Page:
Tuesday, May 16, 2006
We can only hope that it's a shrewd strategy to rescue Congressional Republicans by giving them room to run to the President's right.Well, has the Congress given him any reason to believe they'd do anything else? I am in agreement with Stanley Kurtz, optimistic that Bush has emboldened the Senate to get a bill to the conference committee and made it possible for him to sign a bill with or without a path to citizenship.
In strictly political terms, which alternative would be better for the election prospects of the Republicans: no bill, or a substantially more conservative bill than what the president has asked for? I don't know the answer to this. But I'm guessing that the potential for a successful compromise (in a more conservative direction) is better than it may seem right now.I fundamentally disagree with the concept of doing an enforcement-only bill. Yes, you can do that, but it doesn't mean you should. If you want some (or many or most) illegals to leave, you need to incentivize that. If you want every illegal to leave, you haven't learned cost-benefit analysis. Charging a very high price for normalizing one's status, while offering free and safe conduct over the border to anyone not wishing to pay it -- along with an application to return, to be treated like anyone else applying on the day of their repatriation -- requires an enforcement mechanism for people who try to evade the choice. Enforcement and normalization go hand in hand -- and if you never allow normalization you drive more people underground and make them harder to find. A country already wary of the Patriot Act will look askance at even more invasion into people's identities to determine citizenship.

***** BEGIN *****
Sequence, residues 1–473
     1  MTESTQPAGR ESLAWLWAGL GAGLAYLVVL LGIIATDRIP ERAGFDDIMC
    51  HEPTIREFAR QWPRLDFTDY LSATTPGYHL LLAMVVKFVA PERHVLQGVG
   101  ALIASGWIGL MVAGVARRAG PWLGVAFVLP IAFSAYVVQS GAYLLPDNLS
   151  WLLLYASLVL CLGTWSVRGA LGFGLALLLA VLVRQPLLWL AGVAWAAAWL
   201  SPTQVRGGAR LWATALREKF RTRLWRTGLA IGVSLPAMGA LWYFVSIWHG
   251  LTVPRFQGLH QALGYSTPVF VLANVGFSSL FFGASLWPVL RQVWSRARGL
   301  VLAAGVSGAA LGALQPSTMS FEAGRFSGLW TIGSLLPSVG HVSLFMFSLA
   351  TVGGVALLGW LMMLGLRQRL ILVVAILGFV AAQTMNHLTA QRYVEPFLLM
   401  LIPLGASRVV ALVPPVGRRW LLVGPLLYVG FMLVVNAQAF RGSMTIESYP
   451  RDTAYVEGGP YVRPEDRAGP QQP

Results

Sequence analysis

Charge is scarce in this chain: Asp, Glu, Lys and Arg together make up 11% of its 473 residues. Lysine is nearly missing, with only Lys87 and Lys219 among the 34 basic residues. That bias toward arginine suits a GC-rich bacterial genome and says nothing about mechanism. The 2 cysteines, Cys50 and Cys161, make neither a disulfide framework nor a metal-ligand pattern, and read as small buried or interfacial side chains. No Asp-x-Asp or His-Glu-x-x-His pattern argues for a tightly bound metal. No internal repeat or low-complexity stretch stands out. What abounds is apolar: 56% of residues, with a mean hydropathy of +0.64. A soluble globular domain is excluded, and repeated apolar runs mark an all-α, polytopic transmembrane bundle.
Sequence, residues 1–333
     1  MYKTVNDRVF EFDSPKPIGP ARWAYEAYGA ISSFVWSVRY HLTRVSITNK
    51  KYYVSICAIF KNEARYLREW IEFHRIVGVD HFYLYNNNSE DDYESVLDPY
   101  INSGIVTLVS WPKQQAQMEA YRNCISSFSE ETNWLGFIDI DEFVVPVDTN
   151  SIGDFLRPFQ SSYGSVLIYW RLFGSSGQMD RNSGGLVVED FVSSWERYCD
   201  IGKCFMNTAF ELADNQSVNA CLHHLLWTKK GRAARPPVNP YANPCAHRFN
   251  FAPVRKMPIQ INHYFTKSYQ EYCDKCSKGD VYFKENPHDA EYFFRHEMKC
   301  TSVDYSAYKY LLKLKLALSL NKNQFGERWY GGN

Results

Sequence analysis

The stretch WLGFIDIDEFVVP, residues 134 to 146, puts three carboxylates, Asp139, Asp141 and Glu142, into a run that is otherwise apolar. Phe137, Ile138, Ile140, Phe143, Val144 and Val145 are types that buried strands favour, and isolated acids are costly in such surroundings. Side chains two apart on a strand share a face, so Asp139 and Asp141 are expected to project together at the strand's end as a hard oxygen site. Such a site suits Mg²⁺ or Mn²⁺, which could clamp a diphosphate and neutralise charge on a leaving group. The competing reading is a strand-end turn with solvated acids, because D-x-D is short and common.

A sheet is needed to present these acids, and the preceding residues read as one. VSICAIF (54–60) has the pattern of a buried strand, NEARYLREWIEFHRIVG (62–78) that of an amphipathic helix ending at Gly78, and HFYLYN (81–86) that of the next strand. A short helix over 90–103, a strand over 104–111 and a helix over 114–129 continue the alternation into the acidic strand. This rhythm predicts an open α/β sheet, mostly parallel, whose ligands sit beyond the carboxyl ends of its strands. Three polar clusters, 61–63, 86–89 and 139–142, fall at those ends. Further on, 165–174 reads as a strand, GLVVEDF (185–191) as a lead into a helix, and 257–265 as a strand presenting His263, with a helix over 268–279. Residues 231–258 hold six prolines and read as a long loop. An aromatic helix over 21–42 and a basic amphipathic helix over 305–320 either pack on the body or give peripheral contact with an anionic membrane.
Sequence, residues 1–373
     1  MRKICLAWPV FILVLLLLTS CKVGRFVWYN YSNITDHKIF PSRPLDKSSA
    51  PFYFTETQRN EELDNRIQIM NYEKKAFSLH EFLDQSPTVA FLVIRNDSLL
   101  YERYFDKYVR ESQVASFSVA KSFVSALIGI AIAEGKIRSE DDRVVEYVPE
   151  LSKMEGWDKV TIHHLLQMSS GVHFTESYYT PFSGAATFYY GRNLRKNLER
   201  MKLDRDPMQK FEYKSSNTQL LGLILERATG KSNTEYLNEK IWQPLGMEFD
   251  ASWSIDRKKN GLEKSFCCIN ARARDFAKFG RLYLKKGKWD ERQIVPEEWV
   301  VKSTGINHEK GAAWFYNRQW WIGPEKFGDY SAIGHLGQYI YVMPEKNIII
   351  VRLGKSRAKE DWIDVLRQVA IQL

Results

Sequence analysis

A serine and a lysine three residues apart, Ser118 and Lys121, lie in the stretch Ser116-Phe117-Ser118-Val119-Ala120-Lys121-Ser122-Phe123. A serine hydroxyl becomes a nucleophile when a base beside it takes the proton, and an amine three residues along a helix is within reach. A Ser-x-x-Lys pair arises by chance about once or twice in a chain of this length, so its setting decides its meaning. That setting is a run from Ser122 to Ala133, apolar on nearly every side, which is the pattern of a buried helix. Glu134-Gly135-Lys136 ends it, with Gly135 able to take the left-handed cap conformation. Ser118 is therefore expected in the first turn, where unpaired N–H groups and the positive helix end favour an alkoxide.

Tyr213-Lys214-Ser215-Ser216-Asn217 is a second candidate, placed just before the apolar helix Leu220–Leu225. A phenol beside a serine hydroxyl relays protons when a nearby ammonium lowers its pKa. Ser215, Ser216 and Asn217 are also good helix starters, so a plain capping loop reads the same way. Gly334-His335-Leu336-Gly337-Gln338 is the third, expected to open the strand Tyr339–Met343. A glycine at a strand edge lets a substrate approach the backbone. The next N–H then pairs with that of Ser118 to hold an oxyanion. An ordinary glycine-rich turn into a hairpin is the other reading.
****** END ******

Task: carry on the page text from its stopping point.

A wall that seals everyone else out also seals 11 million inside. Are we prepared to deal with that? Give them a reason to want to leave, which is going to involve giving citizenship to a few. Make it few, make it for economic reasons.
(Dons asbestos suit, awaits angry calls.)